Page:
26 October, 1996

At 6:30 AM I got a message that the flight to New Harbor was delayed until 8:30. At 8:15 I walked into the waiting hut at the helo area and was met by a scruffy looking guy who asked me if I was flying to the Dry Valleys. I assumed he would be a passenger with me. When I replied I was, he said let's go and jumped into the pilot's seat. He turned out to be a very good pilot and a real nice person who just needed a shave. Another lesson about not judging a book by its cover.

The flight across the Sound was spectacular, when we arrived, I jumped out with 38 pounds of frozen food, my extreme weather clothing, cameras, and two extra pair of underwear. The area around the camp looked much different than at McMurdo. Only about five percent of Antarctica is free of permanent ice. This valley is one of the few places on the continent where you can stand on the ground rather than the ice.

Pat and Jenni came out of the hut and showed me around. The tour didn't take long, two semi-cylindrical canvas rooms connected by an alcove. One room was set up as a dormitory and the second as a combination eating cooking area. I noticed that there was a toilet seat hanging next to the door. Jen explained that they kept it inside so it would be warm when used. When you go out around here everyone knows what you're up to.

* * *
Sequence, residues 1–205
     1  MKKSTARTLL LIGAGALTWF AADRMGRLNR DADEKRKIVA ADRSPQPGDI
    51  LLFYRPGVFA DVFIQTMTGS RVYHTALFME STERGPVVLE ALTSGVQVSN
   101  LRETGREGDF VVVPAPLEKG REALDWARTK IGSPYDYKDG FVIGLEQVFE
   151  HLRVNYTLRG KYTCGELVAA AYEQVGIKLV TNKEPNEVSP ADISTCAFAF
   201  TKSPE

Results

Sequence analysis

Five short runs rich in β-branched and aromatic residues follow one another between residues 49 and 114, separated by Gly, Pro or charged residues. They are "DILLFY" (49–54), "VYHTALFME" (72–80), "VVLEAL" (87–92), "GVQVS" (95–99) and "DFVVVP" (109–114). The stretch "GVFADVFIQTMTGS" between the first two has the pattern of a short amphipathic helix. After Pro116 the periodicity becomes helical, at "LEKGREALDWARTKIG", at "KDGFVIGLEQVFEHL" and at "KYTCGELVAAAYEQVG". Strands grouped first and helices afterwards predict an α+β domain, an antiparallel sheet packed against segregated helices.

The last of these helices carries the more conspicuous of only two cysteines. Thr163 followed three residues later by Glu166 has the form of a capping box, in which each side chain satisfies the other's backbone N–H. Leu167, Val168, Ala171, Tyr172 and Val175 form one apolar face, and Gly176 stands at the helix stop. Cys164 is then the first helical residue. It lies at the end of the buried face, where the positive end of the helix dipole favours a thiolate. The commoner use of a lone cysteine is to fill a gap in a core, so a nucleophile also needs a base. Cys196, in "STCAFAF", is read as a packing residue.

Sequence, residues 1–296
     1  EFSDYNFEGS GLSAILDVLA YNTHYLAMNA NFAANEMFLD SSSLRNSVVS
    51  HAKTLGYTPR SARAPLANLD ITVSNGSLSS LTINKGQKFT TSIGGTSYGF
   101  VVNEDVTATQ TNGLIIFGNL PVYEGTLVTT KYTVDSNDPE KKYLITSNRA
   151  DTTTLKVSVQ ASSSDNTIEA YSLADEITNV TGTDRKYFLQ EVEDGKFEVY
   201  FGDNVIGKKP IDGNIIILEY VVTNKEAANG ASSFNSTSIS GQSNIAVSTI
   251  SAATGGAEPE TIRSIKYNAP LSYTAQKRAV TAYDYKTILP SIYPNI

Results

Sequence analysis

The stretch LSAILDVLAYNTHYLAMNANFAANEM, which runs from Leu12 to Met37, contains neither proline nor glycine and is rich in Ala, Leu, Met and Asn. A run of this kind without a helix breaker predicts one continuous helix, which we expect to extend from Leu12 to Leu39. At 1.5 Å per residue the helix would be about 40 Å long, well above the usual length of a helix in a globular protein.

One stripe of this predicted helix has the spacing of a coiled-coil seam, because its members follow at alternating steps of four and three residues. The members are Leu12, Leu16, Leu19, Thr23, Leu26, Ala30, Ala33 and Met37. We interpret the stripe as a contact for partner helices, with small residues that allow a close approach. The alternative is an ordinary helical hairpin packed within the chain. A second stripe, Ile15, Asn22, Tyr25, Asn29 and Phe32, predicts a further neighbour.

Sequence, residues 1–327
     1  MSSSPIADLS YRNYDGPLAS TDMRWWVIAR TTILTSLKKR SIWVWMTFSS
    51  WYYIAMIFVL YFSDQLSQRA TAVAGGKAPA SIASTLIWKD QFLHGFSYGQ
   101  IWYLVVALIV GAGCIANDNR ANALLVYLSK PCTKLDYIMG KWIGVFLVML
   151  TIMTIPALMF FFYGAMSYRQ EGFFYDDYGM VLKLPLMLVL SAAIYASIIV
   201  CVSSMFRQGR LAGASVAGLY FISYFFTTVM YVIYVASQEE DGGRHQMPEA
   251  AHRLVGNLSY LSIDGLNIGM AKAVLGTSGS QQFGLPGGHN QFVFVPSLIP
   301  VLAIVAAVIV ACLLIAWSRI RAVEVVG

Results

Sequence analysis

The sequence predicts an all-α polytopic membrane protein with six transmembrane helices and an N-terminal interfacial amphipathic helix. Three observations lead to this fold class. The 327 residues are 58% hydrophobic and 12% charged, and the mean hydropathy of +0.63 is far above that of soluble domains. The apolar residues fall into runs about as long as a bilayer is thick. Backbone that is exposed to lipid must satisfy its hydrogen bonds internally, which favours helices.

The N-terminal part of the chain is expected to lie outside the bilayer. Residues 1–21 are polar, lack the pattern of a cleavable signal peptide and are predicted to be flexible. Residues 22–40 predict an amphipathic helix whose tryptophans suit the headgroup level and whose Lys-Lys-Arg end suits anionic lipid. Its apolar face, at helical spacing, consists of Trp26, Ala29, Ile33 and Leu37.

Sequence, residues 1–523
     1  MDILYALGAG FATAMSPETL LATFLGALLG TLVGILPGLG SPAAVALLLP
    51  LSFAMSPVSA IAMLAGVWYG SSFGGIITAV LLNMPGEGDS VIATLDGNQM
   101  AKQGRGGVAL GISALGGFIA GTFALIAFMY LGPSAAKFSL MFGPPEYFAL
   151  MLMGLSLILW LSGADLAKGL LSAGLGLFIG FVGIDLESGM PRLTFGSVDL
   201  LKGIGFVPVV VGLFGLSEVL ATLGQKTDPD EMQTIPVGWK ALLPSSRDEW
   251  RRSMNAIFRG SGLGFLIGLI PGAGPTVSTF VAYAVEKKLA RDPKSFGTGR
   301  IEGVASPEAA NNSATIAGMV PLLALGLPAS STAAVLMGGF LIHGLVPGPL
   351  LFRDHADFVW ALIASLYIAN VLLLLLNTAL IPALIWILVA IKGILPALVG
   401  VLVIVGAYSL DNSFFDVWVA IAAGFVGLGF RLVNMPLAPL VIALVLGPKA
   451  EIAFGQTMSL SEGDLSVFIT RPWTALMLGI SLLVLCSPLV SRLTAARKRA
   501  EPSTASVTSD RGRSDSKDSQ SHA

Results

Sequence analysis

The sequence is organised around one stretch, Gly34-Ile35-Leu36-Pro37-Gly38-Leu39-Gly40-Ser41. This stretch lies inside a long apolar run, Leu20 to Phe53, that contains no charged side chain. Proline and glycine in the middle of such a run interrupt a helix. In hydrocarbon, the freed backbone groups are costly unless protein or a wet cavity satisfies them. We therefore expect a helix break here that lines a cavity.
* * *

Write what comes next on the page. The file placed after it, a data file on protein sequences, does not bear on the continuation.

Because of the cold dry climate, organics don't biodegrade, that means we leave nothing, and I mean nothing, behind. Everything is bagged, tagged, and flown out, even wastewater. In spite of Spartan conditions, it is warm and cozy. We don't have lights but since the sun never sets, it isn't a problem. The day was extremely busy and we worked hard getting the dive hut together. A group of carpenters was flown in after breakfast, constructed the dive hut, and flown out before supper.

Two dive holes had been blasted and they were filled with fifteen feet of ice chips that needed to be cleared by hand. The dive hut is one half mile from camp and all our equipment must be hauled over the ice in sledges. I think I had more exercise and activity today than I've had since I've come to Antarctica.

This is a beautiful continent. We can enjoy its beauty because we have the support of hundreds of people. I can't imagine surviving without the support team, there would be no food, water, or fuel, and its cold enough to kill. I've gained a new respect for the early explorers.

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